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Food for Health

Craving for cauliflower

 
I almost never get sick, no doubt because I eat all the healthy foods showcased in this column. But for the past two weeks I’ve been laid low by the same upper respiratory illness (not sure if it’s a cold or flu, I can never get that straight) that seems to have hit everyone in America at the same time that the Affordable Care Act started up and the federal government shut down. 

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Mix and match pumpkins and squash

 
I very cavalierly use squash and pumpkins interchangeably when I cook, because as far as I’m concerned it’s all spinach. But also, I tend to mix together a bunch of different squash and pumpkin flesh whenever I make anything, because the flavor is better. 

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When life hands you pears, make apple-pear sauce

cynthiah@lakevillejournal.com

As long as we’re talking about potassium anyway, it turns out conveniently that pears (which I was going to write about anyway) are sodium-free and are rich in potassium. As discussed in that other story (which is, as mentioned, on this page), potassium acts as a sort of brake on sodium and helps keep it from raising your blood pressure and doing other damage to your body.

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Good home-packed lunches can take time and thought

cynthiah@lakevillejournal.com

Reading about school lunches on the Internet makes me want to lie down in a dark room with a washcloth over my eyes until summer vacation. There’s too much anxiety and bossiness.
The Obama administration has, with genuine hope and compassion I’m sure, released new food guidelines for school lunches. As you would expect, they warn that obesity in children is on the rise and that school lunches should be healthier and have less sugar and more whole grains.

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Goat-niks, all hail the creamy, tangy yogurt

 
Goats are weird animals. Beyond their appearance, which is a world of oddity in itself, they eat thistles, wood and metal, good foods for Survivor — not for nutrition. There cannot possibly be a tangible benefit to eating through a lead chain, as one farmer described.
I can only conclude that goats are some sort of anomaly, designed by a bored god with a strange sense of humor.

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Goat-niks, all hail the creamy, tangy yogurt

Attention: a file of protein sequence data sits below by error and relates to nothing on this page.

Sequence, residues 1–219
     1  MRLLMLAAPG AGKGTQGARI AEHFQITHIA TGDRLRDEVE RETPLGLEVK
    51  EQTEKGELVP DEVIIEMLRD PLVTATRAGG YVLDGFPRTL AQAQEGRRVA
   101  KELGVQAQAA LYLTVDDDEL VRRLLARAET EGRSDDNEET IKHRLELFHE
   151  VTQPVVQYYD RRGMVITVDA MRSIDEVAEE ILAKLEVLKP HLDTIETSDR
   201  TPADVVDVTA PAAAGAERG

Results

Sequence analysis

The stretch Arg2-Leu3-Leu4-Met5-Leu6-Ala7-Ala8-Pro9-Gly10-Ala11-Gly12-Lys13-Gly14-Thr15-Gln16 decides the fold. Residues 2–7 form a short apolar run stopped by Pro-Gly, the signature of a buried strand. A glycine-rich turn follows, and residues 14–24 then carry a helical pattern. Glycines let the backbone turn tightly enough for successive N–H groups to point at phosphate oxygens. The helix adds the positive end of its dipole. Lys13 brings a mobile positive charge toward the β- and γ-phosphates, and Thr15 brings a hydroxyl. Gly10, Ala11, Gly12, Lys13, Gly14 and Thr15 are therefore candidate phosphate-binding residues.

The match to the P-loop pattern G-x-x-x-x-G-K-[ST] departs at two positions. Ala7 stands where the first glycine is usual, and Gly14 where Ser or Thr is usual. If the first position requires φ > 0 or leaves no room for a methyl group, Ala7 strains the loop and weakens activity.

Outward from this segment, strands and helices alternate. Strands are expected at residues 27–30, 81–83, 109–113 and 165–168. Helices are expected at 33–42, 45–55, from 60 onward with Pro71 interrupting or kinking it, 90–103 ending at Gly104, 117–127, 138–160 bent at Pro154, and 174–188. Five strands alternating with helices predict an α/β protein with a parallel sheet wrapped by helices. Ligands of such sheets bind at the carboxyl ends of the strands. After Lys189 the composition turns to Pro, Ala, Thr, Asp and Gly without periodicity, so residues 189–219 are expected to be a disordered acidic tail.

Goats are weird animals. Beyond their appearance, which is a world of oddity in itself, they eat thistles, wood and metal, good foods for Survivor — not for nutrition. There cannot possibly be a tangible benefit to eating through a lead chain, as one farmer described.
I can only conclude that goats are some sort of anomaly, designed by a bored god with a strange sense of humor.
Yet goats (and their by-products) seem to have a cult following. Many websites tout the exclusive health benefits of goat milk: extra protein, easier digestion and a tendency to be more naturally processed.

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Chocolate: Healthy recipes from the dark side

 
The Lakeville Journal interns have been very good this summer at choosing healthy foods to talk about on this page (even if the recipes end up being a little indulgent). 

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Lemons: The sweet flavor of summer days

The first time I ever saw a lemon slice as a child, I thought it looked so pretty that I just had to try it. A few tears later, I realized that even though it looked just like an orange except for its color, this was one fruit I wouldn’t be able to eat as a snack.
However, for a fruit that isn’t that much fun to eat (at least, not to a kid!), lemons have proved to be incredibly useful — not only for their medicinal uses as standard home remedies, but also for their nutritional value and culinary uses.

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Peaches are so scrumptious. Make them into muffins!

 
Fruit salad is by far one of my favorite things to make. It can serve as breakfast, a side dish, or an after-dinner dessert, and it can be artistically arranged to look like it took more time to make than it did. It can be the perfect thing to bring to a picnic. 

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Finally a food the interns like: cucumbers

Lately, the interns at The Lakeville Journal have been pretty down on healthy food.
Whether we were turned off by the texture, force-fed too much as children, or simply want to stand our ground as doughnut-loving young adults recently released from school and independent in all aspects of our life, including our diet, we have seemed to take all anger and oppression out on most levels of the health pyramid.

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